“Remember what I said, Brianna. I granted you your life once. I won’t do it again,” Mae’s voice sounded direct and ominous. The enchantress felt a chill run through her and she fell silent.

Maurice eyed Erik’s bride suspiciously. Then, trying not the offend his lover, he asked her to wait for him upstairs. He would give her time to make herself comfortable. With this, he collected the beautiful sorceress into his arms and crushed her lips with his.

“Oh, please, do I have to watch this?” Mae asked sarcastically, all the while the wheels turned in her head. Even though her captors out did her in strength, broadsword training said leverage and the element of surprise would win over muscle.

D’Auberge broke the kiss, and then stared at the arrogant child. He puzzled at such blatant boldness and rudeness from one so young and female.

Brianna saw the look on his face, and thought it best to let him handle things. After all, how much harm could a little girl do? So, she sashayed upstairs with visions of lovemaking and treachery in her mind.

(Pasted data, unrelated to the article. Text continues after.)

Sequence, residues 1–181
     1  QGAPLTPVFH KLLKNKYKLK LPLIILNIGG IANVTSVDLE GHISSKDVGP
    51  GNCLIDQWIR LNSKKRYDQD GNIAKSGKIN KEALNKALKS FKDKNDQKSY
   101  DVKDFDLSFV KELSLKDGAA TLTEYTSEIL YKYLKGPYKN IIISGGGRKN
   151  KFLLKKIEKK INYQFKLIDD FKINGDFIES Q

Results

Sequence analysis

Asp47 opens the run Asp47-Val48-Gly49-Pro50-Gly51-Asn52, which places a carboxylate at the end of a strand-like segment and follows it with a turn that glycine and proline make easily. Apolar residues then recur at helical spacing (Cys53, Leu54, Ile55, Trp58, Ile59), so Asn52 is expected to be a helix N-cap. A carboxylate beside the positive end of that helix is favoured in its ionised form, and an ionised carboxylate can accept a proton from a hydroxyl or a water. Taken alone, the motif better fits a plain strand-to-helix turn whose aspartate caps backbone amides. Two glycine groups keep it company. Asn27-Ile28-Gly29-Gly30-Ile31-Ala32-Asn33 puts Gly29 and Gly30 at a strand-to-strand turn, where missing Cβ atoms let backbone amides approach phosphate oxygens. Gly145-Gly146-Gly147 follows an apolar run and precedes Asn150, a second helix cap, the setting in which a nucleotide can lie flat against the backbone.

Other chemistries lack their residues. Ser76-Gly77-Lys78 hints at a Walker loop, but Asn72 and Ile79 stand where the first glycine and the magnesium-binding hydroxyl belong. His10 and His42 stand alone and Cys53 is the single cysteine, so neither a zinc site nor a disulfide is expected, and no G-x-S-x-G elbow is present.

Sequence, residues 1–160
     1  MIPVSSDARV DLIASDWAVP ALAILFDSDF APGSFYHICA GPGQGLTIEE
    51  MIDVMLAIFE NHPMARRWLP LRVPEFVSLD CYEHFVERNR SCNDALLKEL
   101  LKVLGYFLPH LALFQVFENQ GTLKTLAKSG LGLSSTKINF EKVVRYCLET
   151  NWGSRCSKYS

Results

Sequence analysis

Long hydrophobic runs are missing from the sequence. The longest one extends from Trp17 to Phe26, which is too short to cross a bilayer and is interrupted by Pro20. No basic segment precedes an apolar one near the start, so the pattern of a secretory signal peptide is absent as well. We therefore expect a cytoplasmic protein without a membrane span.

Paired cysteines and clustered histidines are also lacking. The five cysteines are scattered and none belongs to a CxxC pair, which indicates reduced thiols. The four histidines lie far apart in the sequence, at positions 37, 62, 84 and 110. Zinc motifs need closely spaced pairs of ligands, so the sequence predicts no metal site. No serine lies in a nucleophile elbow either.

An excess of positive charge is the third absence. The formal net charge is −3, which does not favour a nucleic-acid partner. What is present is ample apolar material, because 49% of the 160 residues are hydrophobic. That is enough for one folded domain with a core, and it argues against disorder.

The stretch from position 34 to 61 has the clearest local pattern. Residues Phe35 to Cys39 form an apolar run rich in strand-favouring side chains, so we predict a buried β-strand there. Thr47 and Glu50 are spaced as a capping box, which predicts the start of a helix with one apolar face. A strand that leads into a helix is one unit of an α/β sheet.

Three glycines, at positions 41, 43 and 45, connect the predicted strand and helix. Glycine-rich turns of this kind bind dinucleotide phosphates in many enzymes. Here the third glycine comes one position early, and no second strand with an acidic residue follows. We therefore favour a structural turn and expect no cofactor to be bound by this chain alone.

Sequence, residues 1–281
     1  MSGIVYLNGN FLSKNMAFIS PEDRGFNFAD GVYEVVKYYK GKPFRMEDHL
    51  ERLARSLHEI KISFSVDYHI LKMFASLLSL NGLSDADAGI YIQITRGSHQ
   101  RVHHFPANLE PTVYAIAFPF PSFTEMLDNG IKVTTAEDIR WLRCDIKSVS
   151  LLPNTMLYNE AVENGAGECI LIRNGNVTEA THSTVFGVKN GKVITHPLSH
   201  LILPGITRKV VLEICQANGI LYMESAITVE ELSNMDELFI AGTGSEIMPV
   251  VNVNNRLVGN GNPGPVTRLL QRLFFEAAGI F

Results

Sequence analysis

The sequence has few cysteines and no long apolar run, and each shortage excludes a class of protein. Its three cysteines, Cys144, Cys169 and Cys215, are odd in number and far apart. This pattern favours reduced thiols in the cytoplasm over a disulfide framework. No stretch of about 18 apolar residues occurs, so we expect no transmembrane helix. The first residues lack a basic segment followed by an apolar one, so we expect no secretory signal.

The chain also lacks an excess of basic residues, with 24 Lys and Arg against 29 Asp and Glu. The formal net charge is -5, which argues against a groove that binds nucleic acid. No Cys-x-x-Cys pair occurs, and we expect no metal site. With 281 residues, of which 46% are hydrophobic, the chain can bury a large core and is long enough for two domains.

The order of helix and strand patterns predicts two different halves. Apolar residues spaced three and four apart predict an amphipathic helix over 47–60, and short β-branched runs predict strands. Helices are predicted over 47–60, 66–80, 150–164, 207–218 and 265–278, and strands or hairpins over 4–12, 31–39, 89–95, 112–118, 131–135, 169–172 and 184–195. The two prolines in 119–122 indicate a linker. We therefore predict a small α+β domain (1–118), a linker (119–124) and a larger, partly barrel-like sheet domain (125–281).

D’Auberge motioned for the ruffians to bring the young woman into his study. Unbeknown to them, Erik, Raoul, Alain and Etienne stole into the château from the rear.

Raoul wanted to charge in for the rescue, but Erik stopped him. He wanted to see if his beloved could handle the situation. So they hid in the shadows by the open door of the study.

Etienne got a whiff of Brianna’s perfume and figured she’d gone upstairs, as usual. Seeing his chance, he whispered something to the Phantom, who grudgingly agreed.

In the study, Maurice moved to the cabinet where he kept his liquor. After pouring a little cognac into a couple of snifters, he picked them up and turned to Mae, motioning for her captors to release her. The ruffians obeyed but only took a couple of steps back, in case he needed them.

“Cognac mam’selle?” he offered her the snifter.

She refused. “I don’t drink”

“Oh, yes, it’s not proper for a lady to drink in public. But I won’t tell,” he persisted, holding the snifter in her face.

“I’ll rephrase my answer. I only drink with my friends,” she answered venomously, recalling an old western film.

“Haven’t you ever been taught to be polite?”

No answer.

Maurice sat on his desk and put down one of the snifters and sipped the other. “Who are you? How did you get past my guards?”

“What guards?” She gave him a cold steely glare. He ticked a look to the ruffian at his right. The burly guy related brief details of the explosions and the causality count.

“You killed six of my men?” D’Auberge acted surprised. After looking her up and down, he continued, “Tell me your name and why you’re here.”

“I came for Erik.”

Inside, his stomach drew up in knots and a chill ran through him. “You came for Erik. What would you say if I told you he was dead?”